has confirmed that the AT&T-locked Dell Streak won't get an Android 2.2 Froyo update until January 2011, lending legitimacy to the leaked emails tipping a January 12 release. According to the official Dell blog, "customers in the United States who own AT&T SIM-locked versions of the phone will hopefully begin seeing the Froyo update sometime next month." The delay in pushing out the release - which upgrades the Streak from its original Android 1.6 OS - is not fully explained, but Dell certainly implies it is to do with AT&T's involvement in the carrier-locked handset. The update for unlocked Streaks began rolling out last month.
Dell Streak, bringing the 5-inch tablet to Android 2.2 Froyo, has reportedly been delayed until January 12 2010. That's according to some leaked emails handed to Streak Smart, supposedly from inside either Dell or AT&T, claiming the update for carrier-locked Streaks "should happen the week of January 12th." Meanwhile, unlocked Dell Streak units ordered from Dell.com and delivered with Froyo pre-installed aren't expected to ship now until December 26. In fact, according to some buyers who grabbed one when they were first put on sale, despite the Dell product page suggesting the Streak now comes with Android 2.2, their units have been delivered with 1.6 instead.
First off the Samsung Nexus S will be available exclusively on T-Mobile, if you're an owner of a Nexus One you've probably grown to accept this and it may not be a major factor in the decision making process. However, if you're a Samsung Galaxy S or any other Android phone owner this may be a factor in your final decision. The Nexus One has been a very favorable device, although its sales were less than impressive it still is one of the most powerful and productive phones on the market. However, with the Nexus S hitting the scene the new official "Google Phone" title has been taken and along with it, much of our focus on the Nexus One will shift to the Nexus S. The internals of the devices are pretty similar both featuring a 1GHz processor. The Nexus S features a 1GHz Cortex A8 (Hummingbird) processor while the Nexus One features a 1 GHz Qualcomm QSD 8250 Snapdragon. The difference is there and somewhat noticeable but not exactly a deal breaker here. When it comes to storage the Nexus S is limited. Shipping with 16GB internal memory and no microSD card slot you're options are slim when it comes to expansion. The Nexus One has a microSD card slot for additional memory, something that we are wondering why it was left out in the Samsung Nexus S. The rear-facing camera on the Nexus S is a 5.0 megapixel camera with flash, compared to the Nexus One which is also a 5.0 megapixel camera with flash. However, the Nexus S does have an additional camera on the front for video chat. Other than that the devices are incredibly similar, the Nexus S just took what the Nexus One did right and does them all in a better, and faster way - making this the optimal Android handset on T-Mobile US. Have another device? Check out our full comparisons to the Samsung Vibrant, Samsung Epic 4G, Samsung Captivate, Samsung Fascinate, and unlocked Galaxy S devices over at SlashGear!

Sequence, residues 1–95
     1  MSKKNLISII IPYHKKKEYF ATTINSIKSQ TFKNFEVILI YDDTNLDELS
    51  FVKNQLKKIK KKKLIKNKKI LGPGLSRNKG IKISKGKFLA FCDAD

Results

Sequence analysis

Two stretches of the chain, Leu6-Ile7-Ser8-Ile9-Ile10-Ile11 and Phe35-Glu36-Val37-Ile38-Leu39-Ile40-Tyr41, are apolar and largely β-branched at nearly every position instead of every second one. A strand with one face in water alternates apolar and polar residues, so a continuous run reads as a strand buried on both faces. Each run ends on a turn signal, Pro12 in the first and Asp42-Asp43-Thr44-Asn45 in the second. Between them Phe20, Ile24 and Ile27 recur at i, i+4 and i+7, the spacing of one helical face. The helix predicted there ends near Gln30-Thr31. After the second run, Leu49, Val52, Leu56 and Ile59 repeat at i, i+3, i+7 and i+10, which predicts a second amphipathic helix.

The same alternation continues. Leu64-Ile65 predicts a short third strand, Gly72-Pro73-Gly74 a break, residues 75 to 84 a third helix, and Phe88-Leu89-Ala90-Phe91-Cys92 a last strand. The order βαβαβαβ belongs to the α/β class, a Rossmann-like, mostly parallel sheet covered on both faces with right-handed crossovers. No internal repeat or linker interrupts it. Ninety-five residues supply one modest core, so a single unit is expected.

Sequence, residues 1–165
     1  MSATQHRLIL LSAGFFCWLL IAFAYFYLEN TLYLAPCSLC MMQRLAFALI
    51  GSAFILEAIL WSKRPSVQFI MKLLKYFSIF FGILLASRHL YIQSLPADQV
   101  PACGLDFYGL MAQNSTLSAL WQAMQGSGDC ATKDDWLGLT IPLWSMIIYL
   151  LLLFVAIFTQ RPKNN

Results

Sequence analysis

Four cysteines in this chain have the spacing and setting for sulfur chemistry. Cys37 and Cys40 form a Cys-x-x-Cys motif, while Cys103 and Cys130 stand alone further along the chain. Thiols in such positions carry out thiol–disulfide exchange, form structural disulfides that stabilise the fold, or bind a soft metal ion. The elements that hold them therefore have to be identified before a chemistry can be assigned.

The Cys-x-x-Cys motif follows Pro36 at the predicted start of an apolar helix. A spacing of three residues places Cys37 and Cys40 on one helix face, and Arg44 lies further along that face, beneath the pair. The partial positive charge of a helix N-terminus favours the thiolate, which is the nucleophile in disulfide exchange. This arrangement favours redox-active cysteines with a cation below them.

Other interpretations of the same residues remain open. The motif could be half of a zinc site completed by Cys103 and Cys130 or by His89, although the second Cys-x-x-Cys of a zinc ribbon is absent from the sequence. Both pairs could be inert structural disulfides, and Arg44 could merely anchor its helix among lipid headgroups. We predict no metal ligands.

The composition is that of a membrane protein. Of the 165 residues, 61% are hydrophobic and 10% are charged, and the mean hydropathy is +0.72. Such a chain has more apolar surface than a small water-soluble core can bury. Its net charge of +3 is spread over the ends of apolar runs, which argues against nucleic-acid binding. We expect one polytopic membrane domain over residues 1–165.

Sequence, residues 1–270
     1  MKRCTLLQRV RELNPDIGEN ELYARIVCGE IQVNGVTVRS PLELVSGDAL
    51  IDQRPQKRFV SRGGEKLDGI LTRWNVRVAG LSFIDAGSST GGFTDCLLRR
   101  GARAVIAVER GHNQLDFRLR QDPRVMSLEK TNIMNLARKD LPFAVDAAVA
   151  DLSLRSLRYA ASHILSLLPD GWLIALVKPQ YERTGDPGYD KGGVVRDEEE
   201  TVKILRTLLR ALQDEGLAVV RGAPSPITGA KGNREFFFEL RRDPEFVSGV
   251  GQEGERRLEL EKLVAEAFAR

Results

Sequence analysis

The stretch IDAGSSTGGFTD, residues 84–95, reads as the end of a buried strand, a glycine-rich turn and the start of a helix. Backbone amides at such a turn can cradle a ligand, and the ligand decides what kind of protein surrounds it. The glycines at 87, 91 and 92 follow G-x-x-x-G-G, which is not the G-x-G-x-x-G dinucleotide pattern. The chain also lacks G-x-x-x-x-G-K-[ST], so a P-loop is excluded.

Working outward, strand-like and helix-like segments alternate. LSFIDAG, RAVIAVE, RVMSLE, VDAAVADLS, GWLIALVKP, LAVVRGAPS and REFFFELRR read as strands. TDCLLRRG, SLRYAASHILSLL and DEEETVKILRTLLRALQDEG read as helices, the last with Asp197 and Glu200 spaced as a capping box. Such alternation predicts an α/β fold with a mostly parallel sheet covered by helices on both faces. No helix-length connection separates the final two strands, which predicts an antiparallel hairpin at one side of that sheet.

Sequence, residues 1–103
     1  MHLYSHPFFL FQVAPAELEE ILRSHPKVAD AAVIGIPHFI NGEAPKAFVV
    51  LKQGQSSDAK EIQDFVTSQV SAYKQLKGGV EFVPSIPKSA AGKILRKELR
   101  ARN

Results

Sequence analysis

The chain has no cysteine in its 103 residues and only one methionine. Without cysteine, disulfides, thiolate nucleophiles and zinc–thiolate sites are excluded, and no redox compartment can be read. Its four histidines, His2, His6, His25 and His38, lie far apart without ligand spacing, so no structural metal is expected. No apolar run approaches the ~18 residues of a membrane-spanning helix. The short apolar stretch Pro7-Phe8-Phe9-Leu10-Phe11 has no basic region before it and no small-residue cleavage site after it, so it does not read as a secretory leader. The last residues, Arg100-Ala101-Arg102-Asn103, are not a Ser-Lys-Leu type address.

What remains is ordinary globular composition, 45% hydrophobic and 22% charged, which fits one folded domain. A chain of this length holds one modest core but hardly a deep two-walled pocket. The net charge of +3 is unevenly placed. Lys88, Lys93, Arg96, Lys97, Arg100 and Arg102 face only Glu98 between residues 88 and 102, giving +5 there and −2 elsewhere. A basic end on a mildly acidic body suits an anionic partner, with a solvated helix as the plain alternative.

has outed a new dual Super AMOLED clamshell smartphone, the Samsung W899, running Android 2.2 on a 1GHz processor. Initially destined for China, the W899 packs CDMA/EVDO and GSM/UMTS connectivity, WiFi and mobile hotspot functionality, but its most interesting feature is the fact that it has a 3.3-inch touchscreen on both the outside and inside of the flip. That means users will be able to choose between on-screen controls or the physical numeric keypad on the inside. There's also a 5-megapixel camera, GPS and a microSD card slot. It measures 17.55mm thick, and will be available on China Telecom; no word on when - or if - the Samsung W899 might make it to North America or Europe. [via OLED-Display]
latest batch of Android platform stats, breaking down the OS versions of devices accessing the Android Market within the two weeks ending December 1 2010. According to the figures, Android 2.2 is now present on 43.4-percent of active devices, with Android 2.1 trailing at 39.6-percent. That flips the balance from the same period one month earlier, where Android 2.1 was the most prevalent version and Froyo lagged behind. [Thanks Si!]